"The Interpreter"
Dir: Sydney Pollack

Don Thompson

I found myself a little split regarding The Interpreter – on one hand I admired the message, on the other I was a more than a little troubled by the execution. It seems to me that films are all about moments, the culmination of those moments being the sum of the experience. Since films move, are active and kinetic, the way they flow, how they are put together and “architected” into a moving, spatial/temporal experience is important and can lead to success or failure. To make matters worse, differences of taste and personal values factor in (both from the filmmaker and the critic/audience), making film one of the most difficult art forms to master. Films in a sense combine all art forms, with the added complexity of human values thrown in for good measure. Because of that difficultly, I won't tag the The Interpreter a failure – far from it – but it is definitely a missed opportunity.

The reason The Interpreter fell a little short for me in terms of execution was simply because several of its moments rang false. I suppose I’m being a little hard on the filmmakers and actors, but there seemed to be something missing, as if they didn’t completely take ownership and responsibility for the project and its message. But the problems (as is often the case with film) begin with the script, which has some structure and believability issues that detract from the film’s overall effectiveness. For one, the fact that the entire story is about a fictional country diffuses a lot of the power of its truth, which is unfortunate, because the film does have something very important to say. But a key element of the narrative – a tribal story from Africa that sums up the theme of the film – doesn’t work because you can’t help thinking it is a contrivance, as is the fictional country of Matobo, a small country in Africa like Zimbabwe, with a once loved leader (like Robert Mugabe of Zimbabwe) who has turned against his principles and himself become a perpetrator of atrocities against his own people. You can’t help but feeling a bunch of white people are making up a lot of stuff about Africa, and it’s pretty bothersome – a kind of colonial incursion that probably made them all (Sydney Pollack, Sean Penn, Nicole Kidman, et .al.) feel a little better with themselves as they pocketed several million in salaries each.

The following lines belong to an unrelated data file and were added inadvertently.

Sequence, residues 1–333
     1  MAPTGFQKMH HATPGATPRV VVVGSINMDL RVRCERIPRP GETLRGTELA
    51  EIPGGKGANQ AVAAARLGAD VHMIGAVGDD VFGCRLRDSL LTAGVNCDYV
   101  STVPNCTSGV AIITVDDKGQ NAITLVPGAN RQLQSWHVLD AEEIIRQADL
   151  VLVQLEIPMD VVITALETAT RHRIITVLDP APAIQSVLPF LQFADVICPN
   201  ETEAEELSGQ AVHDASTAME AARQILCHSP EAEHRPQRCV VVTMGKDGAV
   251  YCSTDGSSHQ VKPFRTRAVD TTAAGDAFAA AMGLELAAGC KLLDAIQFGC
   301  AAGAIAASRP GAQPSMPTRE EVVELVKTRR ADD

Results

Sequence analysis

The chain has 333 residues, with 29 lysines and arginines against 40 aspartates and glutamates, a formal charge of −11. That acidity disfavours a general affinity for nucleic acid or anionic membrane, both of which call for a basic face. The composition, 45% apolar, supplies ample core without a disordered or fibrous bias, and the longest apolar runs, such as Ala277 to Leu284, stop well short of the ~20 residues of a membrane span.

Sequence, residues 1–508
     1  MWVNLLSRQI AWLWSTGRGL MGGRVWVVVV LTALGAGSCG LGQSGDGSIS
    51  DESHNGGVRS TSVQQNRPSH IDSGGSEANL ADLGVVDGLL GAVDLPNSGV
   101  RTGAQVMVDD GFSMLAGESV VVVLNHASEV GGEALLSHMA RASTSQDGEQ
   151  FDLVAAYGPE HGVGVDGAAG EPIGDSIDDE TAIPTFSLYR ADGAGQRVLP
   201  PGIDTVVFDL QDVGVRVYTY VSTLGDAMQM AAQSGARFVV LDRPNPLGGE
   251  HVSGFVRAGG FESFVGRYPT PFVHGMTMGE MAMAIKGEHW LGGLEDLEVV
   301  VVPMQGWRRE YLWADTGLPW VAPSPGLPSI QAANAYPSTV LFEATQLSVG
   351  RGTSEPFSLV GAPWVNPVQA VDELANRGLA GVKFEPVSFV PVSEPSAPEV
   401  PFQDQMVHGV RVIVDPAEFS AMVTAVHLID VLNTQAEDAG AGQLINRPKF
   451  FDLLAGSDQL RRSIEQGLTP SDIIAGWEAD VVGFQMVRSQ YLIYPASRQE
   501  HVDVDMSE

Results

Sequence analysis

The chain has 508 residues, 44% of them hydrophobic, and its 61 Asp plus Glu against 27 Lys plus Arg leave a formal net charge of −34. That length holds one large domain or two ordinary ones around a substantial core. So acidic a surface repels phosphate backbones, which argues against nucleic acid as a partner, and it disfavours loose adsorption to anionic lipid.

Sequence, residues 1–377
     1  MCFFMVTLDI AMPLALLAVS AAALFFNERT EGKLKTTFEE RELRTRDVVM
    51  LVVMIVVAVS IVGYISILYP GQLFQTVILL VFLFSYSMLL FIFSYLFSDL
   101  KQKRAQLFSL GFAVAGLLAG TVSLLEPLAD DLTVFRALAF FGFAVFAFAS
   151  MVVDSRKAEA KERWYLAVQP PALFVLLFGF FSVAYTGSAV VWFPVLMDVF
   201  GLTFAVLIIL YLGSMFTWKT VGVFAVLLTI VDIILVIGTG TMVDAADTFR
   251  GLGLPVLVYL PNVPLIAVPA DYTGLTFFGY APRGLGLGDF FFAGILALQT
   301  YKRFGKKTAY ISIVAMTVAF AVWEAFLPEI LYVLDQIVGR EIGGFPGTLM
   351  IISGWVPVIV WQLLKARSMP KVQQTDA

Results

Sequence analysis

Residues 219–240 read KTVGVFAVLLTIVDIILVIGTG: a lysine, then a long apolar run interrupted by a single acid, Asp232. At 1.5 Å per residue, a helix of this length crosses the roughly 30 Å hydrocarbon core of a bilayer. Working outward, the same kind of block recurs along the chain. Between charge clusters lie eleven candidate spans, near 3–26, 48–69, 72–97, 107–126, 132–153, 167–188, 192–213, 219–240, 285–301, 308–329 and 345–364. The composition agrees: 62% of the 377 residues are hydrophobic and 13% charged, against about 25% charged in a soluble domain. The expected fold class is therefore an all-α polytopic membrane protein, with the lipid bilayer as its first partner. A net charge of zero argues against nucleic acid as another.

This contrasts with a film such as Hotel Rwanda, which is based on true events, even if those events are at times fictionalized. With The Interpreter the events, places and thus the underlying power of the film's truth are all trivialized and diffused because the filmmakers (meaning in this case the producers) just didn’t commit to a structure a story based upon (what in my estimation could have been) actual facts about Africa. And those facts and atrocities are so profuse that its absolutely amazing that they couldn’t hang a decent story around them. So the broader message loses steam and is in a sense undercut by the lack of factual underpinning – the fact that the story “is just made up.”